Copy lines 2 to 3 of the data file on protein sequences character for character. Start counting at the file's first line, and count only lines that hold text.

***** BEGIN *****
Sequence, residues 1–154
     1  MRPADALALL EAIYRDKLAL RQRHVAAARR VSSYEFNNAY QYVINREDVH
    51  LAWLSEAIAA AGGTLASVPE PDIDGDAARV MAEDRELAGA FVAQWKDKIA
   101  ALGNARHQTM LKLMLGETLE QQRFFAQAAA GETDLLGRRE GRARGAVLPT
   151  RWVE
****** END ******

     1  MRPADALALL EAIYRDKLAL RQRHVAAARR VSSYEFNNAY QYVINREDVH
    51  LAWLSEAIAA AGGTLASVPE PDIDGDAARV MAEDRELAGA FVAQWKDKIA